In August, Facebook released its location-based product Places, which allows friends to tag you when they check in somewhere. Yet the ACLU immediately identified two key issues with the app:
- Problem 1: You don’t have full control over who can see you in the “Here Now” list. You can only choose to turn the feature on or off. If it’s on, any Places user who checks in at the same place can see you in the Here Now list.
- Problem 2: “Here Now” is turned on by default if you have previously selected that “Everyone” can see even a single piece of your information.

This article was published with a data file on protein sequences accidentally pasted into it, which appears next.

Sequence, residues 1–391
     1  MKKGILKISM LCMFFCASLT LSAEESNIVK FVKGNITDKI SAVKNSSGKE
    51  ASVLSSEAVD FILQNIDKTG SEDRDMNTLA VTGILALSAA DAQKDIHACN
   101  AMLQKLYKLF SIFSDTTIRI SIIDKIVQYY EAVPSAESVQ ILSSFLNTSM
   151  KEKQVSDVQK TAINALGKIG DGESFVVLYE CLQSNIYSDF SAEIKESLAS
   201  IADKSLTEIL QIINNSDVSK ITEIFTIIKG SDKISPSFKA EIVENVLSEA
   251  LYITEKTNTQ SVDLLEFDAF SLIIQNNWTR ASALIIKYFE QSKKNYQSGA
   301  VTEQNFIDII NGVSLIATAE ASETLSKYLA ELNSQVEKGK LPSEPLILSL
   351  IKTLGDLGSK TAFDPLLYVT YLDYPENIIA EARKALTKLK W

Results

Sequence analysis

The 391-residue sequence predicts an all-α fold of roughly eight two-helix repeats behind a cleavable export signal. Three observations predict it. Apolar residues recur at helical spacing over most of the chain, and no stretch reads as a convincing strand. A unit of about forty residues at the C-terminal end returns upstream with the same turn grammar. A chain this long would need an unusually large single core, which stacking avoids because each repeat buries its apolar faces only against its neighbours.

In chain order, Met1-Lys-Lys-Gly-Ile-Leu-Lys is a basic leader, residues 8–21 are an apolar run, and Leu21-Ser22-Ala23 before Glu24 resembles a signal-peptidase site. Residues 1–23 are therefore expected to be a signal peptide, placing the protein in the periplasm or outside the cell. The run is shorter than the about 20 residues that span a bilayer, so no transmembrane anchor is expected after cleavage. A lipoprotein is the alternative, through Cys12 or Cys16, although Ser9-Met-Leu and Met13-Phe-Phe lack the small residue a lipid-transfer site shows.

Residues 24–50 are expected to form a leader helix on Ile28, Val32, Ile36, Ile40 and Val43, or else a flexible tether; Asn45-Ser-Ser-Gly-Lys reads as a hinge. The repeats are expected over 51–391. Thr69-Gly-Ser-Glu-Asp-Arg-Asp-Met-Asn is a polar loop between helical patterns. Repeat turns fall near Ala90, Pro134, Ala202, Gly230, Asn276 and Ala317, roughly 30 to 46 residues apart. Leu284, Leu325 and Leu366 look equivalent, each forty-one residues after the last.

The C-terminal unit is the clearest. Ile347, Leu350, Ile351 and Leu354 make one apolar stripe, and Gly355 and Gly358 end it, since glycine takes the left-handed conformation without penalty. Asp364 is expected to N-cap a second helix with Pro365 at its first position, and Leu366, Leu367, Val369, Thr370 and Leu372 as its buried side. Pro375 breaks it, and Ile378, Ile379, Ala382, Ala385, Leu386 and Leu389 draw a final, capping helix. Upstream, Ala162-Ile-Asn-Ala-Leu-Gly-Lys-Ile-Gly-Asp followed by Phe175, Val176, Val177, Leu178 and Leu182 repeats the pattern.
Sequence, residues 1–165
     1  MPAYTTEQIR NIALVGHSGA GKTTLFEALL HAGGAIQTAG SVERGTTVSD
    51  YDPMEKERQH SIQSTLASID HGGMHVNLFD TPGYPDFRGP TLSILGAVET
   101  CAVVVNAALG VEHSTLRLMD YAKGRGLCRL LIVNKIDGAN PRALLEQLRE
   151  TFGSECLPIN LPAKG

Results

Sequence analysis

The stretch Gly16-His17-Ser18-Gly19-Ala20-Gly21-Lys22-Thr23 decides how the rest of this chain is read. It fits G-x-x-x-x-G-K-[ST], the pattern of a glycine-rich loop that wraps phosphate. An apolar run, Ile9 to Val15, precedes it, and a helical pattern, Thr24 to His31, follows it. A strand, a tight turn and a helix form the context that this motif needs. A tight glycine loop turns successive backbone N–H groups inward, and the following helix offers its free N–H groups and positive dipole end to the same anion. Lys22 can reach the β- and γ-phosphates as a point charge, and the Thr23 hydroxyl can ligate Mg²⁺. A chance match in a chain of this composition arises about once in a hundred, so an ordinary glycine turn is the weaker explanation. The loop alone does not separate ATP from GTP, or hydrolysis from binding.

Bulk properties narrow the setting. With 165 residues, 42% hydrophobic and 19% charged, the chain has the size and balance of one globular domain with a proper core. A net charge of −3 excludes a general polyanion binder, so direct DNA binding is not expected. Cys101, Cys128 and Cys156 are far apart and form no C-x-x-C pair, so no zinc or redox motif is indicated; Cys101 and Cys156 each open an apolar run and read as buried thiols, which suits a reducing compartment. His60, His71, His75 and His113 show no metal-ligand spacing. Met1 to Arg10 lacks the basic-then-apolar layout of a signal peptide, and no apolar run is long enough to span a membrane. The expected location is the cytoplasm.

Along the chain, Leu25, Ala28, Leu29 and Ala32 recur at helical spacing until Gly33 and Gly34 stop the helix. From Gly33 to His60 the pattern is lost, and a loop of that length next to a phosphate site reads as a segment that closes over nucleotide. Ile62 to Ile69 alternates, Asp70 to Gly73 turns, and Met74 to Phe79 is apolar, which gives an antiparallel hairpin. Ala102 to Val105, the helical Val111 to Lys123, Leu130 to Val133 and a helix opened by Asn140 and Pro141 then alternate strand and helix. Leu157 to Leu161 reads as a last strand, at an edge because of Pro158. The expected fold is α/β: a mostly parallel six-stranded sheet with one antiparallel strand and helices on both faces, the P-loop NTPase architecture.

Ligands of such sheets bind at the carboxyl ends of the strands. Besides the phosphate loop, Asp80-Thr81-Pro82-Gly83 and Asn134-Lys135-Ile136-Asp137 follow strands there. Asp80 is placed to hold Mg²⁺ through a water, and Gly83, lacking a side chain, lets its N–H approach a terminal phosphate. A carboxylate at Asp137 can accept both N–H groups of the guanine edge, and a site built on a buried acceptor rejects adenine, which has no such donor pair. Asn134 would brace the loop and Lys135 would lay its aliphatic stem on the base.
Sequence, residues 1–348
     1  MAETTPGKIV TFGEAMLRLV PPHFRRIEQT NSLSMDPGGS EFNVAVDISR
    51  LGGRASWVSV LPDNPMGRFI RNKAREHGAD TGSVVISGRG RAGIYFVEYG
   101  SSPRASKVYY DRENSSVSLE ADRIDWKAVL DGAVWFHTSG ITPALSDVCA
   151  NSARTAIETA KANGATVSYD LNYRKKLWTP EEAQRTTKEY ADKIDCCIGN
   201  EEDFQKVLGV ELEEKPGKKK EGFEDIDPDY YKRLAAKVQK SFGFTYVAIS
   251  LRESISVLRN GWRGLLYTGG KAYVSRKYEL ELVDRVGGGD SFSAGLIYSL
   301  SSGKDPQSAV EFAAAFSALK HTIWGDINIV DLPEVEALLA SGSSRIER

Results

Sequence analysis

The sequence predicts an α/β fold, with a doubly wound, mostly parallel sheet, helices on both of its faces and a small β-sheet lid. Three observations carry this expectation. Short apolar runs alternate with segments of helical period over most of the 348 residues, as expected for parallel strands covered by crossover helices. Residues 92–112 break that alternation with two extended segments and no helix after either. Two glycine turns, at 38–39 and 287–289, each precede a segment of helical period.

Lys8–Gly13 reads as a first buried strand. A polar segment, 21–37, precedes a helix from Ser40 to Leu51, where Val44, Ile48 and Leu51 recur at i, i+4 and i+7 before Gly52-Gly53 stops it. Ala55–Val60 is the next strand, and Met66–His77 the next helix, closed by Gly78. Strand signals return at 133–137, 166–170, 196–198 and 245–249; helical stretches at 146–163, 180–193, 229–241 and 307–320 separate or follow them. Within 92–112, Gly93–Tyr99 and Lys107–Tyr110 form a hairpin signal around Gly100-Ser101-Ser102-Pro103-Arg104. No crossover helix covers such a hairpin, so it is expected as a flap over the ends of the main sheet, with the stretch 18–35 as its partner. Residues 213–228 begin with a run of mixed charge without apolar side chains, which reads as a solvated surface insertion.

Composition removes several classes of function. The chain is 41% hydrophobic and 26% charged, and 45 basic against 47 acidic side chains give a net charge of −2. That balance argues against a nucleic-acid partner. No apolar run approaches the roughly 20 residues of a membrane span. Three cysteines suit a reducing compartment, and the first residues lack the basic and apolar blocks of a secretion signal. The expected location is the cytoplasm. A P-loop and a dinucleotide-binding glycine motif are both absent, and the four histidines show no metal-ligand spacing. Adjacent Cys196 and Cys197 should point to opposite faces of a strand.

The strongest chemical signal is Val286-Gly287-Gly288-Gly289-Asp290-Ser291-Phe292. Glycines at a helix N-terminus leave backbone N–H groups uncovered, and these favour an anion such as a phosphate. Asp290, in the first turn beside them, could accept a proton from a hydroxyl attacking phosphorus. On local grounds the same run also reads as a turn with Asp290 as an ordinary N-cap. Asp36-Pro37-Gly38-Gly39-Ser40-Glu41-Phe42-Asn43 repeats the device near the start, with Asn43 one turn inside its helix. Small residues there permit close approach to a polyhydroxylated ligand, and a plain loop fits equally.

From ACLU: “Your friends’ apps may be able to access information about your most recent check-in by default as soon as you start using Places. Even if you’ve already gone through your settings to limit the info that apps can access, you should do it again — you may find that you’ve been defaulted into sharing your location info with apps.”
Barry Schnitt, Facebook’s director of policy communications: “No one can be checked in to a location without their explicit permission. Many third parties have applauded our controls, indicating that people have more protections using Facebook Places than other widely used location services available today.”
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